In 1968, George A. Romero and a bunch of his buddies created what could be touted to be the first “modern day” zombie movie – “Night of the Living Dead”. Controversial at the time because of a black man in the lead hero role when the civil rights movement was still fighting racism & inequality.
10 years later George tackled yet another “hot button” topic within his next zombie film, “Dawn of the Dead”. Commercialism was the target, as found in the plot of a group of 4 fugitives (two police officers, a helicopter pilot, & a female news reporter) escaping the zombie threat by holing up in a large indoor mall. “This was an important place in their lives,” Peter explains as Roger asks why the zombie continue to congregate around the mall even though they cannot get in.
The video box held my attention week after week when I was younger. Video Today is no longer around, but I remember seeing this cover on their shelves:
The day I was able to pull that oversized plastic clamshell case off the shelf was a day to remember as the day I fell in love with the zombie phenomenon. The movie is a time capsule of the late 1970’s with the clothing, the vehicles, the hairstyles. The mall has changed over the years, but as I understand many of the locations can still be recognized:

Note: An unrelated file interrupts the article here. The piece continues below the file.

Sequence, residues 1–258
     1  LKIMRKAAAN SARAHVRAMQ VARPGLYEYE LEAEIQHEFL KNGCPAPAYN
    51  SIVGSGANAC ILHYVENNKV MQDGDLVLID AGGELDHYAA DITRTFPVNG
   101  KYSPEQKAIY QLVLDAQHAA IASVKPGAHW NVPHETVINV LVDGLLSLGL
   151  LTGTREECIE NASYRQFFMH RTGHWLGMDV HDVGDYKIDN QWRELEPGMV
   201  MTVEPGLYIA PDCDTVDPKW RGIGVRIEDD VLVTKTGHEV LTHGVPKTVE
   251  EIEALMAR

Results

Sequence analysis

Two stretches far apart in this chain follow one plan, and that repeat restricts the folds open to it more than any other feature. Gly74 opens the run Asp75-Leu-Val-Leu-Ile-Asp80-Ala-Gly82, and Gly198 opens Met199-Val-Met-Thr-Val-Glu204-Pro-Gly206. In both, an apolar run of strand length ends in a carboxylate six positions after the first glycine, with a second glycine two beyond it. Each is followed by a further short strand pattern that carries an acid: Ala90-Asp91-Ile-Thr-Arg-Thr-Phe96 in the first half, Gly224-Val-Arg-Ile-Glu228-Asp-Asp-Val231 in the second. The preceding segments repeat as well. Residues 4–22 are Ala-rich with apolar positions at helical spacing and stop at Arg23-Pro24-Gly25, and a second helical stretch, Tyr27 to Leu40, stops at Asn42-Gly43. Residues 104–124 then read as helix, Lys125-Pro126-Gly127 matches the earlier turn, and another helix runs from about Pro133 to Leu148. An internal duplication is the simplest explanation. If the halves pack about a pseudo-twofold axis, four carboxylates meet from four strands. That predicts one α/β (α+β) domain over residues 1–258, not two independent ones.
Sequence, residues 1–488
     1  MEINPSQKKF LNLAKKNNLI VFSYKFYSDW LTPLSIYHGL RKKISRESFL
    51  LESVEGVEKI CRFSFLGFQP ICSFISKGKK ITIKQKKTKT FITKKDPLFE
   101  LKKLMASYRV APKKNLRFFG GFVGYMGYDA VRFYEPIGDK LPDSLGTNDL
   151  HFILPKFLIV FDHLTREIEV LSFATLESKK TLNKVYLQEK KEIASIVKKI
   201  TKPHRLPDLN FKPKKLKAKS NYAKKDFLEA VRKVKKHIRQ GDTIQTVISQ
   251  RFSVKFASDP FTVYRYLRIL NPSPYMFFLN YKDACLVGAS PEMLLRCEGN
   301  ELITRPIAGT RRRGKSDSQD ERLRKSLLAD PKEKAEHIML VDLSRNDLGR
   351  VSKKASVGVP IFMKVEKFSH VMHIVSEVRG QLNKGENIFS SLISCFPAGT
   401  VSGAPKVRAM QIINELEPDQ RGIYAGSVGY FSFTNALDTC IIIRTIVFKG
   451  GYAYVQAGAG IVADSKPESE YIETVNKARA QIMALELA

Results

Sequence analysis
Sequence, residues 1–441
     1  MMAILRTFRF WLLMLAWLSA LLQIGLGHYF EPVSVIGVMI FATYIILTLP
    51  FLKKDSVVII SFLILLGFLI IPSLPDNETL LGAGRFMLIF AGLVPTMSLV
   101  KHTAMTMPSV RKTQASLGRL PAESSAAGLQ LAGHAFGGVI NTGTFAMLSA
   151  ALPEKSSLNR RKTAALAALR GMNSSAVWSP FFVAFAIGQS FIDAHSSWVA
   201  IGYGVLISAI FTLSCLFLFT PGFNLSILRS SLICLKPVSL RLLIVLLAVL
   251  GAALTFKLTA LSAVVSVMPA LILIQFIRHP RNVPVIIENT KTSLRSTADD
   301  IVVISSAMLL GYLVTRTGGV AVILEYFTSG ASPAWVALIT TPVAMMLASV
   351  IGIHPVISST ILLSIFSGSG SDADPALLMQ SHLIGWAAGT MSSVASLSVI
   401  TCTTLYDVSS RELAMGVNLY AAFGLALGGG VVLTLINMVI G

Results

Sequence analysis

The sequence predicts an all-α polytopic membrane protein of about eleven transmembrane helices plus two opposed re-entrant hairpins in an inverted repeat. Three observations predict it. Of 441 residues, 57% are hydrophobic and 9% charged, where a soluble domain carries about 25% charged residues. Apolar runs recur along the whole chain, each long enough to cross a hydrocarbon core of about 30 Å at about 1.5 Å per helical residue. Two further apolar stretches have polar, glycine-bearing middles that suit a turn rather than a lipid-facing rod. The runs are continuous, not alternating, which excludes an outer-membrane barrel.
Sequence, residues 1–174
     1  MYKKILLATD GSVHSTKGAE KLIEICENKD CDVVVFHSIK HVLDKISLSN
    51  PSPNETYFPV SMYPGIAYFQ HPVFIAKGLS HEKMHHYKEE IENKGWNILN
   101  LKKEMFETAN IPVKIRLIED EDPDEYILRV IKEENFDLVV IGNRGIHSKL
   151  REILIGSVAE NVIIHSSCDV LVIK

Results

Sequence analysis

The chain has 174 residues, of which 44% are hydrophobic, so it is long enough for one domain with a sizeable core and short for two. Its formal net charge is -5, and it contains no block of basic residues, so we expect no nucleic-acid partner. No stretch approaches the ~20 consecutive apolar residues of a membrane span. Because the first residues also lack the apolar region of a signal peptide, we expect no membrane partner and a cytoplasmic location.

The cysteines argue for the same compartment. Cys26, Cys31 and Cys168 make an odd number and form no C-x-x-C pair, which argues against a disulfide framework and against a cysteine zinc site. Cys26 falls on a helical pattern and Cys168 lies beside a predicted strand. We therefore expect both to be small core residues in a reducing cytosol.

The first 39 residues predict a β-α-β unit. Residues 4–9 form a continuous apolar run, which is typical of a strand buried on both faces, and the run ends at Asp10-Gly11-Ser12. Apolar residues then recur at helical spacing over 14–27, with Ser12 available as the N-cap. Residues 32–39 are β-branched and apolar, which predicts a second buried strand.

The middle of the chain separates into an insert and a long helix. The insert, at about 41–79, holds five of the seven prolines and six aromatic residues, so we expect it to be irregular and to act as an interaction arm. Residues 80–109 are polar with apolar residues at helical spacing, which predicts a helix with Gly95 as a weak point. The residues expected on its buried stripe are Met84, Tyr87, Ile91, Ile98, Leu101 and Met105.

The ice rink is now a food court & the clock tower is long gone, but many of the original stores remain as well as some of the design elements such as the “pedestrian bridges” & the infamous “hallway”. One of the scenes that grabs my attention every time is a scene that takes place in the mall’s arcade. The gang has sealed up the mall, cleared it of zombies, & what’s left to do but to enjoy the spoils. The games were some of the earliest commercially-available games from the likes of companies such as Atari. This racing game interested me because it was basically a backlit, rotating track with a 2-d plastic car you could control with a steering wheel:
Eventually (spoilers!) the mall reverted back to the walking dead and made for some pretty scary scenes, such as this one when the elevator doors opened:
The 2004 remake (or “reimagining” as it were) did enough at the box office to revive our love of zombies that spawned a whole genre of film. The 1978 original will always hold a special place in my heart, I can watch it over and over again…